What Will Be Your Legacy? Live as You Want to Be Remembered.

When we hear about someone leaving a legacy, we picture grand, important gestures. Huge endowments, scores of scholarships, life-changing inventions, or charity work benefitting millions. But, for most of us, that will never be the case.

I first thought about the concept of what-you-leave-behind, when we moved to the US, and my mum invited me to go through the portfolio of her paintings and choose some to bring with me. You see, at the age of 50—and having never picked up a paintbrush before—she decided to take art lessons. Watercolors were her favorite medium, and flowers, and scenery her inspiration. She was rather good, won a few awards, sold a few pictures, and although I loved some of her works, I never really thought of it as much more than her hobby. I selected several paintings, and they went in our shipping container with others I’d received from her over the years.

Once in the States, we settled down and hung several of the paintings in our first house. From never really paying that much attention to them when they were in our Cape Town home, I suddenly found they brought me great comfort. It felt like my mother was there with me in this strange and oh so foreign land. Had she also felt as disconnected when she emigrated to South Africa from Scotland? I would touch the edge of each painting where she’d signed her name: Alice M Mitchell. I gave my daughter the name Alice, and my son, the middle name Mitchell—my maiden name. I tapped her signature, and it felt like I was completing a circle.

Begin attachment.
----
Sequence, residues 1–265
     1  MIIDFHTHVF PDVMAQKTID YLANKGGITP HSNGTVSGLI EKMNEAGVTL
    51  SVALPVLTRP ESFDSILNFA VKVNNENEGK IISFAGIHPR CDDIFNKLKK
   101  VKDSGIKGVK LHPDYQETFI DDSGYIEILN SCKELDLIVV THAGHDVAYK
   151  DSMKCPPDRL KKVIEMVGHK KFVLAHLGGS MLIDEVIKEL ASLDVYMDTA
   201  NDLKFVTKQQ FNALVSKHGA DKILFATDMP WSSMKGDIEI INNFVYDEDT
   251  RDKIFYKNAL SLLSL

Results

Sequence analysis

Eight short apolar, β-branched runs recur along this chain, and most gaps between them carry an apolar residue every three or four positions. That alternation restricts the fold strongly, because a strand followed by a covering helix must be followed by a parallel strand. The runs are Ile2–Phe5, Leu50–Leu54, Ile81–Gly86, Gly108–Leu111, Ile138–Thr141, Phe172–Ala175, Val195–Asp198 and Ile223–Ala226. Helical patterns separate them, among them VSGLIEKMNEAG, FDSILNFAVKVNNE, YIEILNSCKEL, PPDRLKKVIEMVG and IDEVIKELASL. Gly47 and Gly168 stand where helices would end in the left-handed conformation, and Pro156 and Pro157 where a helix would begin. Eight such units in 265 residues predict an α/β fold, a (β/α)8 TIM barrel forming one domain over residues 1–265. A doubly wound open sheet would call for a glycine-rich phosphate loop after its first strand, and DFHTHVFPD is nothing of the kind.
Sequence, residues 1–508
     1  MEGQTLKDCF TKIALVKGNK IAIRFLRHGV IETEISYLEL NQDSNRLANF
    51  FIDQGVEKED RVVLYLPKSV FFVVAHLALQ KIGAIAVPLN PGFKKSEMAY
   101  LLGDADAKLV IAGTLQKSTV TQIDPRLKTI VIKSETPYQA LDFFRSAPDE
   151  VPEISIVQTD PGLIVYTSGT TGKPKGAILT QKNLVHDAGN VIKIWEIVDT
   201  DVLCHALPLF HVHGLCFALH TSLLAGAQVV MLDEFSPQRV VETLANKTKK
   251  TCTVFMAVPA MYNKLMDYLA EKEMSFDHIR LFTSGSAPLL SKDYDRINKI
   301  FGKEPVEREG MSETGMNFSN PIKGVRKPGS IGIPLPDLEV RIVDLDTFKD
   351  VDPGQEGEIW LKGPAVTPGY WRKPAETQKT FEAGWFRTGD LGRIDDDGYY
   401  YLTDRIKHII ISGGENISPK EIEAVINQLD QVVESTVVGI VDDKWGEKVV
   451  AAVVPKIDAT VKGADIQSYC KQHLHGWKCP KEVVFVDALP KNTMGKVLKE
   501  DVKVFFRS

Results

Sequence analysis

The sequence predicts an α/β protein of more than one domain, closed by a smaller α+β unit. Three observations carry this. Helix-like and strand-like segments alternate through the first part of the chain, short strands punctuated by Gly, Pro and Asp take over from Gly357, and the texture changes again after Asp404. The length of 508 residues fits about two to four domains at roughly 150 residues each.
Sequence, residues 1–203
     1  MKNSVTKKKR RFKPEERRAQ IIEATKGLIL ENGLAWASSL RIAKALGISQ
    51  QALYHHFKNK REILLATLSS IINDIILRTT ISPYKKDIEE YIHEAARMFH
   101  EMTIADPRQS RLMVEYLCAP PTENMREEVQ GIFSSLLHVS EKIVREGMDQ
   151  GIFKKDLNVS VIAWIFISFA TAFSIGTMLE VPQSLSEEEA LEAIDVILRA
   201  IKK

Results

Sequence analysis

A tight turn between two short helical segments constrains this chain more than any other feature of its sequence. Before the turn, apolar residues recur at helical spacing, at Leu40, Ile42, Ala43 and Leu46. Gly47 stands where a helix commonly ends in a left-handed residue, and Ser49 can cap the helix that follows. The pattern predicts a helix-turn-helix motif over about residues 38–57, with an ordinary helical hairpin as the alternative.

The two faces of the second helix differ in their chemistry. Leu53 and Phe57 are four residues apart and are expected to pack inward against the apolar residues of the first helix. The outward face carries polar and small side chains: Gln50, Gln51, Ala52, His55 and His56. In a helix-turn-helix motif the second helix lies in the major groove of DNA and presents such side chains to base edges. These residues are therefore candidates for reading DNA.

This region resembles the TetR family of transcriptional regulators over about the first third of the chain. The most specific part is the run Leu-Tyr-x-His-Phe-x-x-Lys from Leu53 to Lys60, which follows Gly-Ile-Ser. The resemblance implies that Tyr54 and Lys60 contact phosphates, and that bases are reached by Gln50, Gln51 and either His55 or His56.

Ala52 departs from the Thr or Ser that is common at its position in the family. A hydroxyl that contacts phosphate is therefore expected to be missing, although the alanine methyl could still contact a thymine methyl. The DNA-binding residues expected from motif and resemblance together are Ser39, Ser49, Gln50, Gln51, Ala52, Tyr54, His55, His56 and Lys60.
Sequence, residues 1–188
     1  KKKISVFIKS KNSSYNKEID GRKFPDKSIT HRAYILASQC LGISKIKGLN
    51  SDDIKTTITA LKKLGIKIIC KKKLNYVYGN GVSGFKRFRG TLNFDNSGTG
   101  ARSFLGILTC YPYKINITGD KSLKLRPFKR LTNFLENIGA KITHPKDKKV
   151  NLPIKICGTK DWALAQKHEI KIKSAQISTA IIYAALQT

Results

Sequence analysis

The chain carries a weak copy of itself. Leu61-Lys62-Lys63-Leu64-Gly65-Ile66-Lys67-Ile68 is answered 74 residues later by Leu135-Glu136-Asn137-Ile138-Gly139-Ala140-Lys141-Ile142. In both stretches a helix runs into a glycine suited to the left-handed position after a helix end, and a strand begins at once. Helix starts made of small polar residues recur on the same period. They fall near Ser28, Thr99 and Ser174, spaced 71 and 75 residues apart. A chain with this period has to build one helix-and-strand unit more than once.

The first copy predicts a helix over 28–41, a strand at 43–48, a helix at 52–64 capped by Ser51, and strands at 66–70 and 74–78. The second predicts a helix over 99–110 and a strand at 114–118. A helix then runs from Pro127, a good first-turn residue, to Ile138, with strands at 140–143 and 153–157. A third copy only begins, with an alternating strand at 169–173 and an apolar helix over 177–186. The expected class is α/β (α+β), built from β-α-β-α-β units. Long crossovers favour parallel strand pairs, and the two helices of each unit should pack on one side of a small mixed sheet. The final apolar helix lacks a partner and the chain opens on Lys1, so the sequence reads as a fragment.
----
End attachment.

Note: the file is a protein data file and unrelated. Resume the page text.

The watercolor framed by a view across the East River toward Long Island City.

Then, this past weekend, my daughter asked if she could have one of the watercolors for her New York City apartment. How I wished that when my mum swirled those colors onto that paper, she had known one day her work would be in the Manhattan apartment of her namesake granddaughter. Nothing grand, no National Medal of Arts recipient, but a legacy, a tangible piece of her passion, a peek inside her thoughts.

What will be your legacy? What will you leave behind for generations to come?  Not everyone has fortunes, scholarships, or even humble art to leave behind, but I know for sure, we all have something.

Values: this most powerful of legacies makes me think of my Dad. A highly successful businessman, I have nothing of his I can hold or touch, but I have his values. He was one of the most decent people I have ever known. A brilliant mind with a gentle heart, he taught me everything about kindness and fairness. He showed me it was better to throw light than heat. And just as important, he left me a legacy in my sense of humor. A dry wit that I hear reflected in my son’s comments. So often I think, wow, that’s exactly like something dad would have said. Although it isn’t tangible, I remind myself that values outlive objects—a wonderful legacy.

Think of the positive values you received from a parent, a grand-parent, an aunt. Practice those values, and their legacy lives on in you. Pass on those values, and their legacy lives on in your offspring.

Teaching: any person who has ever taught, coached, tutored, or mentored has left a legacy. Think about something you can do well or something you love to do: you are a strong swimmer, you have a green thumb. Maybe you love knitting or traveling. Whoever shared their time and talent with you, they left a legacy. If you have a skill or body of knowledge, share it with others. Help them grow in that area, and encourage them to excel. Every time they do so, you will live on in their actions.